A Grief Observed

by C. S. Lewis, Bantam Books, 1963, 151 pages.
Reviewed by Jack Heppner.

I was only fourteen years old when C. S. Lewis’ wife, Joy, died in 1960. They had only been married for four years. And I had not yet finished high school when Lewis died in 1963. Not being an avid reader in my youth, I was not yet aware of the prolific and creative writings of this master word-crafter. Even after high school, I only got to know Lewis through a few of his writings such as The Screwtape Letters and Mere Christianity. For the rest of my life I have been trying to catch up on reading the fifty or so publications that flowed from his pen. Although I know I am more than four decades behind, my reading of A Grief Observed was part of this exercise.

Perhaps, if I had read the book earlier, before I had witnessed and experienced considerable doses of grief myself, I could not have appreciated its worth. Most of Lewis’ writings before A Grief Observed bear witness to a mind that could smell nonsense and fallacies and…destroy them by a merciless dialectic process (112). As well by an extra-ordinary creativity that communicated universal truth through fantasy. Few would argue that he was one of the most brilliant Christian apologists of the twentieth century.

But toward the end of his life, after his bachelor state had been interrupted by four years of an intensely happy marriage to Joy – and after she had died – Lewis found himself in the grip of a grief for which he was not prepared. And so, as Chad Walsh writes in a lengthy “Afterward”, In the midst of an agonized bereavement, Lewis records new insights that modified the neat certainties in his earlier books (149). So instead of encountering finely tuned arguments or the exploits of imaginary characters we find in this book a broken man jotting down observations of his own torturous journey through grief.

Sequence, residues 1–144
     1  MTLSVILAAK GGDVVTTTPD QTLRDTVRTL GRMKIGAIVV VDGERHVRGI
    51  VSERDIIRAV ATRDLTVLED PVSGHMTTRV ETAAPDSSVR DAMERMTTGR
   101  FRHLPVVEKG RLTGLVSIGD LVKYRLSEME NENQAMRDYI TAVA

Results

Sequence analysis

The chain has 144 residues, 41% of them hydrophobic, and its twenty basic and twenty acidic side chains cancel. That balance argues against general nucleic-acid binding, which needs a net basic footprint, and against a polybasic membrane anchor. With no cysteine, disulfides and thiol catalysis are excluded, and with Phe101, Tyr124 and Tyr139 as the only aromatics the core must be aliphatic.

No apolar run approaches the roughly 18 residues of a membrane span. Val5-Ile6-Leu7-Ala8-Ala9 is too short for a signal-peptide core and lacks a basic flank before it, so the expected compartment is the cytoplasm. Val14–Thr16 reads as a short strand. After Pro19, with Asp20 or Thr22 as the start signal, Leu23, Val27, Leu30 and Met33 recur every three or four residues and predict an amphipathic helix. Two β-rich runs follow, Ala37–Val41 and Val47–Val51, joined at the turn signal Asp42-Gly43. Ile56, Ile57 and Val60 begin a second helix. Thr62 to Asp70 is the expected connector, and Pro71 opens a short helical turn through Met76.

Indeed this journey of grief is for Lewis a test of faith at a most profound level. He states that You never know how much you really believe something until its truth or falsehood becomes a matter of life or death to you (25). Early on in his “jottings” he notes that his temptation is not so much to discontinue believing in God, but to stop believing in the goodness of God. But gradually, as the process of sorrow circles through his life he does begin to detect a kind of spiral that lifts him out of his deepest darkness. Yet it is fair to surmise that he never did quite recover his “old self” with all its logical certainties. So, to be fair to Lewis, any student of his writings would do well to read his earlier works of greater certainty in the light of the mystery of unknowing that permeates this chronicle of his own journey through grief.

A Grief Observed is a welcome relief from much popular triumphalistic piety that doesn’t take death or grief seriously. Often it is said that death doesn’t matter or that it is only a doorway to a family reunion on the other side. But Lewis insists that we have no biblical foundation for the notion of happy family reunions on the other side. Death is real. It separates, hurts and must be grieved. According to Lewis, if we only use God as a means to get the family back together again “like it used to be” we are not approaching God at all. I found such ideas and many more dove-tailing quite readily with some of the things I am in the process of learning about living with grief. If you missed this book for forty years like I did, it’s not too late to read it now.